I'll Walk Alone by Mary Higgins Clark. A woman haunted by the disappearance of her young son discovers that someone has stolen her identity.

Chasing Fire by Nora Roberts. A smoke jumper faces a new season of firefighting in Montana after the loss of her partner.

Save Me by Lisa Scottoline. A mother’s action during a school emergency causes an uproar in a Philadelphia suburb.

44 Charles Street by Danielle Steel. The owner of a Greenwich Village town house takes in boarders and bonds with her tenants.

Eve by Iris Johansen. The forensic sculptor Eve Duncan searches for answers to the mystery of her daughter’s disappearance.

The Lost Fleet. Beyond the Frontier: Dreadnaught by Jack Campbell. Captain Black Jack Geary and his fleet search for aliens in Syndic space.


Bossypants by Tina Fey. A memoir from the creator of 30 Rock.

I'm Over All That by Shirley MacLaine. The actress offers observations on what remains important to her.


A Sick Day for Amos McGee by Philip Christian Stead.  Zookeeper Amos McGee always makes time to visit his friends who live at the zoo until the day he stays home because he is sick.

Gooney Bird Is So Absurd by Lois Lowry and illustrated by Middy Thomas.  Mrs Pidgeon’s second grade class studies poetry and her students write haiku, couplets, free verse, and finally, a tribute to Mrs. Pidgeon’s mother that was organized by the irrepressible Gooney Bird Greene.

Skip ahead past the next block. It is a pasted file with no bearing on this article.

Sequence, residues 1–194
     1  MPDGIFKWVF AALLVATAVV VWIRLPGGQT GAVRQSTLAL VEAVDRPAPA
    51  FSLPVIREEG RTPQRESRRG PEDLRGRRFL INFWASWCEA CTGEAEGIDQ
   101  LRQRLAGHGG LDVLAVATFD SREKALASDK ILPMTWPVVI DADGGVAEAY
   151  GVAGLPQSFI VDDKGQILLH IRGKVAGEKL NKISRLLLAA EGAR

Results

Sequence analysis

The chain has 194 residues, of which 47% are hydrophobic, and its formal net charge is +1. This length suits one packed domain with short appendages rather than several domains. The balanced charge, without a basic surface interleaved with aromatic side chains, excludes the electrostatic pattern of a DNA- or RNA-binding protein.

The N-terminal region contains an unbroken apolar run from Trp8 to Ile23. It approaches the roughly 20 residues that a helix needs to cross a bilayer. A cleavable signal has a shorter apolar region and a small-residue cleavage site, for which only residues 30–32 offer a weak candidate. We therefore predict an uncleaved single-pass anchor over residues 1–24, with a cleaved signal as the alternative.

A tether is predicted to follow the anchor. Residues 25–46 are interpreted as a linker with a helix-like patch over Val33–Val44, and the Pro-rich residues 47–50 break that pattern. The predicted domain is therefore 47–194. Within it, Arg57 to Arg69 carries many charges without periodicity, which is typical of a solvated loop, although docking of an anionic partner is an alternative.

Make Way for Dyamonde Daniel by Nikki Grimes and illustrated by R Gregory Christie.  Spunky third grader Dyamonde Daniel misses her old neighborhood, but when she befriends a boy named Free, another new student at school, she finally starts to feel at home.

Top Secret, Personal Beeswax: A Journal by Junie B and Me by Barbara Park.  Junie B Jones shares her thoughts and personal pictures in this journal that allows the user to include information about themselves.

Thursday, May 5, 2011

The Prince Is Coming to Natchez

Earlier I posted an article about the Prince from Natchez, and the film about him. Now the film is coming to Natchez.

Film & Conversation

Prince Among Slaves is an award winning PBS documentary about the fascinating life of Abdul Rahman, a West African prince enslaved in Natchez, Mississippi for 40 years, who through improbable circumstances won his freedom and became one of the most famous men of his day.

Sunday, June 5, 2:30 — 5:30 pm
City Auditorium
FREE and open to the public

Special guest Terry Alford, author of the book upon which the film is based, will introduce the film, describing how he came to write this story and how it became a film.

Following the film, the audience will break into small groups to talk about the film. Leading the conversation will be special guest Amad Shakur, founder of the Center for the African Diaspora, a research institute in Charlotte, North Carolina.

All attendees will receive a free DVD of the film and are invited to attend a reception with refreshments following the event to honor the guest speakers at the NAPAC Museum.

Event Partners:
  • Alcorn State University
  • Antioch Missionary Baptist Association
  • Bluff City Post
  • City of Natchez
  • Copiah Lincoln Community College
  • Friends of the Armstrong Library
  • Historic Natchez Foundation
  • Judge George Armstrong Library
  • Natchez Association for the Preservation of Afro American Culture
  • Natchez Convention & Visitors Bureau
  • Natchez Historical Society
  • National Endowment for the Humanities
  • National Park Service
  • Unity Productions Foundation